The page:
strong trade winds over the area for the next several days.
AIRMET TANGO for tempo moderate low level turbulence is posted
over and immediately south through west of the mountains across
the island chain. Likewise, AIRMET TANGO for strong surface winds
is also posted for Lanai, and the Kohala, Hamakua, Hilo, Puna, and
Kau districts on the Big Island. Big Island terminals, especially
PHKO are experiencing stronger NE winds than normal.
Clouds and showers will favor the windward and mountain areas,
however, strong winds will transport some showers to leeward
areas. Most showers should remain brief and fast moving, with
predominately VFR conditions.
The very large north swell continues to run higher than the models
had indicated, so the High Surf Warning continues today for north
and east facing shores. The strong winds are also producing high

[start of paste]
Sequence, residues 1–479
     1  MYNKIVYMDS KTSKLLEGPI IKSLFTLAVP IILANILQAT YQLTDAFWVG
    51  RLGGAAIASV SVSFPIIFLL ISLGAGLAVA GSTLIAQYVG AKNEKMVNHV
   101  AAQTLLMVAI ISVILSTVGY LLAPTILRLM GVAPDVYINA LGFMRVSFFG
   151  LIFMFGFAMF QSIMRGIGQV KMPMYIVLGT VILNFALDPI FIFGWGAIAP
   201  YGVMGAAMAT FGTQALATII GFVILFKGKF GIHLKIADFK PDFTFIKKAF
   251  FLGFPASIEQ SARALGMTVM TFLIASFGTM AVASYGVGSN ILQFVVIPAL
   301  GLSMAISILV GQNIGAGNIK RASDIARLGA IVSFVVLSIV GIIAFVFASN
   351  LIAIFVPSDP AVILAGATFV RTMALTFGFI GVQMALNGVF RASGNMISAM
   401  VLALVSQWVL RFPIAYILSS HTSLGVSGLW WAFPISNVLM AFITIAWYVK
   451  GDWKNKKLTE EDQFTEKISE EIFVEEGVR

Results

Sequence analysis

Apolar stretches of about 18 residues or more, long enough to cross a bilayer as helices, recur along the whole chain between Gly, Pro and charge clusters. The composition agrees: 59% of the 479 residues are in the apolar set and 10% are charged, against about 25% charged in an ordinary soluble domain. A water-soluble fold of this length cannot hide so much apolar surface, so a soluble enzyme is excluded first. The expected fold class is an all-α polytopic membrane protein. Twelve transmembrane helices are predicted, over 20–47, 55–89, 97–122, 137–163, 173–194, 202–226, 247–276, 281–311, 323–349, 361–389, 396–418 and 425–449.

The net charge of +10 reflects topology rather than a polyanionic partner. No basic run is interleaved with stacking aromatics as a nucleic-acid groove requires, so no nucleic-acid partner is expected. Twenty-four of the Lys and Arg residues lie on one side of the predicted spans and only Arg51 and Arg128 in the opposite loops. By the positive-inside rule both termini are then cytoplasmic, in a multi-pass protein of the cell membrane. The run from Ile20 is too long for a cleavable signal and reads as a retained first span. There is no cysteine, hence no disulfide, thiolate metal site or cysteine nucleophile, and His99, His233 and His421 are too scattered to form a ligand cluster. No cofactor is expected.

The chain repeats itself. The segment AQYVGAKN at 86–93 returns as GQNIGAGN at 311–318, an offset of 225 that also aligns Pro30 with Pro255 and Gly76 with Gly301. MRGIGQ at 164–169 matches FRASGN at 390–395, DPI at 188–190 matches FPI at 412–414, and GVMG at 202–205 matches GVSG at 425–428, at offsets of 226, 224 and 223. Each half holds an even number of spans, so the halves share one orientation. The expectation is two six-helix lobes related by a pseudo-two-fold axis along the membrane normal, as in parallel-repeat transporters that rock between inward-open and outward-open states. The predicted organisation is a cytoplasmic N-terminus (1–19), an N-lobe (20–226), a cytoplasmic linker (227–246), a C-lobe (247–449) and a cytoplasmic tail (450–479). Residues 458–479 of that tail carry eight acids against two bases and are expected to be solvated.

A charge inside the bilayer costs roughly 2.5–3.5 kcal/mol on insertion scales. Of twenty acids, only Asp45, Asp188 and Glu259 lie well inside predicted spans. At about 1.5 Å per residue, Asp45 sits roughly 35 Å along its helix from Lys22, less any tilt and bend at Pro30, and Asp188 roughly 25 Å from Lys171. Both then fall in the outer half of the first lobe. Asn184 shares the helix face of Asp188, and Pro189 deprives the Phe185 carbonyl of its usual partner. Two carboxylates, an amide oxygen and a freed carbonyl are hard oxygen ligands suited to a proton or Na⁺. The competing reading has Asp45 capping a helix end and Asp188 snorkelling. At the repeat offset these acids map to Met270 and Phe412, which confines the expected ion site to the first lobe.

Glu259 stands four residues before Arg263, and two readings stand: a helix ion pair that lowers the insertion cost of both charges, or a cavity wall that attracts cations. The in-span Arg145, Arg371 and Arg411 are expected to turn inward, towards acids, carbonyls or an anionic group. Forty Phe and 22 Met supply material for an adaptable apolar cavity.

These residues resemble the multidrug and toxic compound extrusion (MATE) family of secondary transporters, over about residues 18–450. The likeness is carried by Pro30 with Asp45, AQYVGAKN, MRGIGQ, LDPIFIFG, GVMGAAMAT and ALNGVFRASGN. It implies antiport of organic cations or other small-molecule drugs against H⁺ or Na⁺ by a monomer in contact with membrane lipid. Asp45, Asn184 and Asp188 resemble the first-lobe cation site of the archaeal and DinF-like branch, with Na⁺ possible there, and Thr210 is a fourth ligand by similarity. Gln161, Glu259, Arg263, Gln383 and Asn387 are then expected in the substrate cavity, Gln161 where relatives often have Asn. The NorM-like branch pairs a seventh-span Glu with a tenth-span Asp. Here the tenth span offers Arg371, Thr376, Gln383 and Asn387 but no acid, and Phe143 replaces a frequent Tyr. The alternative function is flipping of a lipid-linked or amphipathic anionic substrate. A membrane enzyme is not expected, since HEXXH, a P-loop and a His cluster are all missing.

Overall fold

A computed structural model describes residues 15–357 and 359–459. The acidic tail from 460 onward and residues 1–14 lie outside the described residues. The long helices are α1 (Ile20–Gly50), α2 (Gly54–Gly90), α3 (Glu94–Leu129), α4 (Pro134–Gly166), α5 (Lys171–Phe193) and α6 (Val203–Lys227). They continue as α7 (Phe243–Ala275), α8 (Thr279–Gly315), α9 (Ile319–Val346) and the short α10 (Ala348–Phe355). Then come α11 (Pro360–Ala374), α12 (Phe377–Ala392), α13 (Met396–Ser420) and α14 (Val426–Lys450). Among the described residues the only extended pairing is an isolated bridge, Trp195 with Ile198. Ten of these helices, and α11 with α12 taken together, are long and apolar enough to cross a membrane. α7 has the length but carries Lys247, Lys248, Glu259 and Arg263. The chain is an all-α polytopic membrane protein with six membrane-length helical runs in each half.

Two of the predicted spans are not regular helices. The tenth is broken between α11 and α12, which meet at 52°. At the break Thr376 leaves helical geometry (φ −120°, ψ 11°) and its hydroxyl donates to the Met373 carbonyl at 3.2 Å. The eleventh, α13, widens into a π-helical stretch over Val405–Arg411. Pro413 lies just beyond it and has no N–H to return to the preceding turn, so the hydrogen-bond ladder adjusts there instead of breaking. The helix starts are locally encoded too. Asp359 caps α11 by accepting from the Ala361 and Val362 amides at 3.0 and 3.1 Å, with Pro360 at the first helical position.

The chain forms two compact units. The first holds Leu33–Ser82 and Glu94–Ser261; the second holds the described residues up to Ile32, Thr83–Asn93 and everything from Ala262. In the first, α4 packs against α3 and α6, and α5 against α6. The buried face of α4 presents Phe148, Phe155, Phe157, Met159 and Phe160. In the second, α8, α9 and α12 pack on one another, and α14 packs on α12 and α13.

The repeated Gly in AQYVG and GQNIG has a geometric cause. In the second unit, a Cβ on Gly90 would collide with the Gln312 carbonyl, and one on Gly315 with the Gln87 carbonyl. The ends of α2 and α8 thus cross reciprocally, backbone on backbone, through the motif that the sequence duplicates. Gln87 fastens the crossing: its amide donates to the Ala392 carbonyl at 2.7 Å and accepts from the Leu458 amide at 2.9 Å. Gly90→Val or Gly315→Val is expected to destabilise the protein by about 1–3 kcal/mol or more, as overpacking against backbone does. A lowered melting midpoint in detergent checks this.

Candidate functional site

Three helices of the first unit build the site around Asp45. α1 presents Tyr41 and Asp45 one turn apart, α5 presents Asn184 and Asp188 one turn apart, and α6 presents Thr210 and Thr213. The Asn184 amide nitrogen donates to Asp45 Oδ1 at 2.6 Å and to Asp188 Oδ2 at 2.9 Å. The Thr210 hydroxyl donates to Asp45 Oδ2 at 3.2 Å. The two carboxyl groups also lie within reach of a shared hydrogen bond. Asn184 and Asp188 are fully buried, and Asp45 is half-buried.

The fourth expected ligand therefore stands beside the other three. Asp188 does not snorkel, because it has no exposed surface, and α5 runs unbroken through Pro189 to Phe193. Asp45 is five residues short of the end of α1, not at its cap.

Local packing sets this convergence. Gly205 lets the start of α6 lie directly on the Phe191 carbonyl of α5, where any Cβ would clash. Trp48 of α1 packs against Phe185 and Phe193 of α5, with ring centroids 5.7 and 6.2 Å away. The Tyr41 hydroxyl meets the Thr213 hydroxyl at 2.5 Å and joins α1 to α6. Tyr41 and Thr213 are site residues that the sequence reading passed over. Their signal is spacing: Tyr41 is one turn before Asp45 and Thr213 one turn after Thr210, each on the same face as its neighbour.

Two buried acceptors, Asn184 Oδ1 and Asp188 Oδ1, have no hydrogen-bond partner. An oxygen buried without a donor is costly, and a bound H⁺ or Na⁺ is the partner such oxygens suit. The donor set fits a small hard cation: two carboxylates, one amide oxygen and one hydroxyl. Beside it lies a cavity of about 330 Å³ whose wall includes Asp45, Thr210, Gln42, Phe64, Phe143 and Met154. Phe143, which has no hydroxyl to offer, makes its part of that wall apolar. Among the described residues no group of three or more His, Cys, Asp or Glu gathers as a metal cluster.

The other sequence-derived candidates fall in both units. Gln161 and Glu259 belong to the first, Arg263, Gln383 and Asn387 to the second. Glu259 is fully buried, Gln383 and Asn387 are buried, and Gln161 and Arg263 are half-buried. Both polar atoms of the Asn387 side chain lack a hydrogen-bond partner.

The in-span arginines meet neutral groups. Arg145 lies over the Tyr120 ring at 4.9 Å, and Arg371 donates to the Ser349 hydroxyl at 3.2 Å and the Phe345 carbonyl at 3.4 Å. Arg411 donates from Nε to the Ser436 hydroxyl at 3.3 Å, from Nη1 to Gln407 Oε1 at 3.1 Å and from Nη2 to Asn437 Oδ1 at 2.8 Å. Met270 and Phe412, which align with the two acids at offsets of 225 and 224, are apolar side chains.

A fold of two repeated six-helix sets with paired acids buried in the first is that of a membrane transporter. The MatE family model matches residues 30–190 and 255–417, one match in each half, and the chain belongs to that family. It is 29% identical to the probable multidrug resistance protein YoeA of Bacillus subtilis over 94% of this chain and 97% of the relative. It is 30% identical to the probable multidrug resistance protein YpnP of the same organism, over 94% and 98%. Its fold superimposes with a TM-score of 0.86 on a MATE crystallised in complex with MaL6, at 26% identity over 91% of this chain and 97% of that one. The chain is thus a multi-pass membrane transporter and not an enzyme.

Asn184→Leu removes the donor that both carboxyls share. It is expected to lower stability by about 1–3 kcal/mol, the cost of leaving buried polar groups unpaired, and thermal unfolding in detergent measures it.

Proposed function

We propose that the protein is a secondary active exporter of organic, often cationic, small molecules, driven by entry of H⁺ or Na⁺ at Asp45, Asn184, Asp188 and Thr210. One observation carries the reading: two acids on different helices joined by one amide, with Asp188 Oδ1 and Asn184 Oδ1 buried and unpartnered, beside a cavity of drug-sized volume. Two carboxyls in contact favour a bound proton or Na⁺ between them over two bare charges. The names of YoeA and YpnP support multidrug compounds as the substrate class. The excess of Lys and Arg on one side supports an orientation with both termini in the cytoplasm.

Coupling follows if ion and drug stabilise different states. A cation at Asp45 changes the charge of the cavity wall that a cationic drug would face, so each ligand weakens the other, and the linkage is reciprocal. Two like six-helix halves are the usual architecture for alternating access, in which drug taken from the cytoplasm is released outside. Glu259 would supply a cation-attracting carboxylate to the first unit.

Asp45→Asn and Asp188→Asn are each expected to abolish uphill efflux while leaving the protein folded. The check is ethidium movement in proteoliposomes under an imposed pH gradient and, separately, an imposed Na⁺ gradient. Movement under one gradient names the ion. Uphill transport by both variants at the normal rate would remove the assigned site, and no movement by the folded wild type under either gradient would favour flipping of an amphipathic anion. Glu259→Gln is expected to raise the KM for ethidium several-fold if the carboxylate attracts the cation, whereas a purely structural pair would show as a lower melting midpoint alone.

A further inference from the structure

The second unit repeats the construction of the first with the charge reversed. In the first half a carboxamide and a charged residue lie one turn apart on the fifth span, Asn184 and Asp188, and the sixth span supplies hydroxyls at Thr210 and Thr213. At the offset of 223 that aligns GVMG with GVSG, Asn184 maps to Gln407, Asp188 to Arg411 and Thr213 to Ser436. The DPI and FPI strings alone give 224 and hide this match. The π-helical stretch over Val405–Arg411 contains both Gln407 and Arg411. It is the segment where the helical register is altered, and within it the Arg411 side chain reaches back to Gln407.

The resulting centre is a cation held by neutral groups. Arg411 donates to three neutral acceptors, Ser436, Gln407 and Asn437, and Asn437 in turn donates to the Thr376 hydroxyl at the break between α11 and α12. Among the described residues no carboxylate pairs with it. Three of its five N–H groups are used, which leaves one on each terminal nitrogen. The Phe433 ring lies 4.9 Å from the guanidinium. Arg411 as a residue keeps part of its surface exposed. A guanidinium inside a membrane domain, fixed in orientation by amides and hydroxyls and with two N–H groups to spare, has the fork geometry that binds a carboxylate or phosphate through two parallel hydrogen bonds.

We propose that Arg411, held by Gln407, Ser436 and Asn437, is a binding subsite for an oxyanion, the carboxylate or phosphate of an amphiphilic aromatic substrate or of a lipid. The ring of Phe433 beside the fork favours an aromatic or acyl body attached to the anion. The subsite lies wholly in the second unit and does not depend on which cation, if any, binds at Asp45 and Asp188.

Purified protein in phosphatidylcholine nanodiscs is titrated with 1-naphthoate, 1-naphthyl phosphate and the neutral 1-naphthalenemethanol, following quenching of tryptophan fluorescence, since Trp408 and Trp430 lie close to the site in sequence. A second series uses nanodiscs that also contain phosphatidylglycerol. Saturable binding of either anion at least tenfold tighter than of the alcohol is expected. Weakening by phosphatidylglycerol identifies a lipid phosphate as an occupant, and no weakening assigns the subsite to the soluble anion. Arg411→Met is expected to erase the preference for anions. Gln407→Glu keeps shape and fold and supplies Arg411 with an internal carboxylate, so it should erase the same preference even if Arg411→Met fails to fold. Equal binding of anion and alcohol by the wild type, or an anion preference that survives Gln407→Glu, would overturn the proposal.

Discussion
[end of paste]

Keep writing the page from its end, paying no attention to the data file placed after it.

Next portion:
wind waves, contributing to hazardous conditions. The trend is
down, and currently expecting surf to fall below warning levels by
this evening, and then remain at advisory levels overnight. Will
continue to monitor the buoys and surf reports today.
The strong northeast trade winds will also bring increasing rough
surf to east facing shores which will persist into the new week.
The swell and strong winds will continue to bring large waves
breaking in north facing harbor entrances and possibly surges in
those harbors, so a Marine Weather Statement remains in effect.
This current swell will slowly subside through tomorrow, before a